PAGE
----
Five Ways Men Can Embrace a Culture of Consent


Marcus Lee is a third-year sociology major at Morehouse College and one of RH Reality Check’s youth voices.

Read more of our coverage on consent and sexual assault on U.S. college campuses here.

Recently I hosted a webinar on “Men Eradicating Sexual Violence” for the Georgia Network to End Sexual Assault, during which I gave a variety of tips and suggested practices for men to help end sexual assault. In particular, I focused on things men can do to affirm and embrace a culture of consent within the context of their own relationships. Since it was well-received, I have condensed the presentation into five suggested practices that can help men work against sexual violence in intimate relationships.

I should preface this list by noting that these suggestions could be helpful for people of a variety of different gender identities and sexual orientations. I have focused specifically on men because we are socialized to be more likely to perpetuate sexual violence. However, one can perform hyper-masculinity and perpetuate sexual violence regardless of sex, sexual orientation, or gender identity.

It should also be noted that consent isn’t something to be gotten. Instead, it is something to be constantly negotiated and communicated. So the tips given below will help facilitate communication and ongoing negotiation between and among intimate partners.

1. Listen. Be attentive and responsive to everything your partner has to say before, during, and after a sexual encounter. Instead of “getting consent,” aim to find a way to curate a space of comfort and safety. Hear, receive, and adjust accordingly.

2. The body communicates in a variety of ways. Pay attention to all of them. A verbal yes or no is the most important and clear way in which consent can be communicated; so if your partner verbally says no, it is cause for immediate disengagement. However, if your partner verbally says yes, paying attention to body language, facial expressions, and vocal sounds may be important for understanding the person’s level of comfort throughout the encounter.

I include this suggestion because of a specific encounter I had: I was once with a partner who verbally said yes, but whose body language suggested that he was uncomfortable—his body seemed to shake with worry. When I asked him if he was OK, his response was “I don’t know.” We immediately disengaged and he left shortly after. The next morning, he sent me a text message that simply read, “Thank you.” He seemed to be relieved that I was willing to respond to the feeling that his body was communicating. From this experience, I began to learn how important it is to receive and respond to what your partner’s body is communicating. Simply put, body language is integral to negotiating consent.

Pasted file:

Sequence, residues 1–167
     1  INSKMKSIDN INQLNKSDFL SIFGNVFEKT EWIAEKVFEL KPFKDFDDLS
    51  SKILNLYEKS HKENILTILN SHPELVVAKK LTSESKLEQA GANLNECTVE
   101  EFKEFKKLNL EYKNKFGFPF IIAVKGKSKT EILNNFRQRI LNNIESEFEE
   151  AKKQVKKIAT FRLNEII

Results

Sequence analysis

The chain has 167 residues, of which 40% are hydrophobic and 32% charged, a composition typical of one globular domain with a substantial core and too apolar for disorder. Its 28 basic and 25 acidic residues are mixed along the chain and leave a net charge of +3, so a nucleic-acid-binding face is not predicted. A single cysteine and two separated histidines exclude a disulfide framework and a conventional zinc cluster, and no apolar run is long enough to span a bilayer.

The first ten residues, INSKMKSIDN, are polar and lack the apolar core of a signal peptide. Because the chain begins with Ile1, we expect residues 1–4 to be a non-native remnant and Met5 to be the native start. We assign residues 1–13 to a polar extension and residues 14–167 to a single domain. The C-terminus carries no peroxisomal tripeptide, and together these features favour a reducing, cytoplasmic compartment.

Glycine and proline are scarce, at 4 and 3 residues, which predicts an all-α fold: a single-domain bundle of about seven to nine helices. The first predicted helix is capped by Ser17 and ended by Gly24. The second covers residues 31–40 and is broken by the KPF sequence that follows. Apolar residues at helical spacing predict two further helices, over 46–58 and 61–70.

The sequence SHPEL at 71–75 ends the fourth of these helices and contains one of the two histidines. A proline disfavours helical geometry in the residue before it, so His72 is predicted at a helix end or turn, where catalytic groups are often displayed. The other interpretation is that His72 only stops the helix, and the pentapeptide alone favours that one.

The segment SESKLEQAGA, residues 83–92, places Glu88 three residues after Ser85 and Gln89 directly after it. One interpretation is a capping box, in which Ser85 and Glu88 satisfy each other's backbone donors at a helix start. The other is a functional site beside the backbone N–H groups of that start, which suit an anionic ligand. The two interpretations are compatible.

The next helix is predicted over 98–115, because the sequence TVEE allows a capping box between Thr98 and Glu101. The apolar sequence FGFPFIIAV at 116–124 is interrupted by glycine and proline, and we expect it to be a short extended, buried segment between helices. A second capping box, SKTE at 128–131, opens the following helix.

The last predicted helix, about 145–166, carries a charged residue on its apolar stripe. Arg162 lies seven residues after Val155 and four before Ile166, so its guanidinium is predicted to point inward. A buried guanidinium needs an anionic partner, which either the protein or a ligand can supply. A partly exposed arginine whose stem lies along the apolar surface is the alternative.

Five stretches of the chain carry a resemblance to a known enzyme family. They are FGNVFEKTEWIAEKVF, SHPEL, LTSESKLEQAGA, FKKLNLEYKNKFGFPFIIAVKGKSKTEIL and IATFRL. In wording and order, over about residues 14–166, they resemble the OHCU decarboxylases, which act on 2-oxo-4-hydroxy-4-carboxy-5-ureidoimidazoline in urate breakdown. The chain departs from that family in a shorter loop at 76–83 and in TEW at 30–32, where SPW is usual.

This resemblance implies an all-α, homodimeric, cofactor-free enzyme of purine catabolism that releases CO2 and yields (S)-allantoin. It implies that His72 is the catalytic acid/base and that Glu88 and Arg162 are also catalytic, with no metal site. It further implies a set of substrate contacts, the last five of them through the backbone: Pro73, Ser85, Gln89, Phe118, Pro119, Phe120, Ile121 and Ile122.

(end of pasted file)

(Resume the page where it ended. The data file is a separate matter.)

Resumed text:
3. Talk openly about sex. Negotiating consent needn’t be a boring or tedious exercise. Discussing sex explicitly—likes/dislikes, turn-ons/turn-offs, pleasurable sexual experiences of the past—can act both as an aid to arousal and as an opportunity to negotiate what could happen in a sexual encounter. Sparking conversations about what you and your partner(s) do and do not want to do will help bring clarity to what everyone is comfortable with, and whether or not your desire to engage in specific sexual practices is reciprocated.

4. Explore! Try out different sexual activities that will push you and your partner(s) to remain in communication throughout the encounter. Often, sex is undergirded with assumptions—the role of parties during the encounter, what will happen during the encounter, and more. When consent is one of those assumptions, room is left for ambiguity regarding all parties’ comfort level, and that ambiguity can be dangerous. By purposefully exploring new sexual possibilities, one refuses reliance on potentially dangerous assumptions about their partner(s) bodies and everyone involved is pushed to rethink/renegotiate what they want during the encounter. Again, openly communicating desires mitigates ambiguities or confusions about the intentions of all involved.

5. Beyond sex, find out what makes you feel powerful. Sexual assault is about an extraction or exertion of power, not sex. Unfortunately, men are often socialized to understand power as dominance over others. However, if we move ourselves to be more introspective, we can think about what makes us feel powerful—something that doesn’t involve dominance over others—and begin to revel in that feeling so we do not feel compelled to implicate someone else.

Think about incorporating rituals into your routine that make you feel powerful. For example, I feel powerful when I exercise alone. I revel in the feeling of accomplishment after a run. By finding power from within, I am working to not have to find power from without. In other words, if I feel powerful in and of myself, I do not feel compelled to dominate someone else to feel powerful.

Of course, this list could be expanded infinitely. But, I hope this condensed version can help stimulate discussions about how everyone can be more intentional about hearing and responding to each other’s needs.

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To schedule an interview with Marcus Lee please contact Communications Director Rachel Perrone at rachel@rhrealitycheck.org.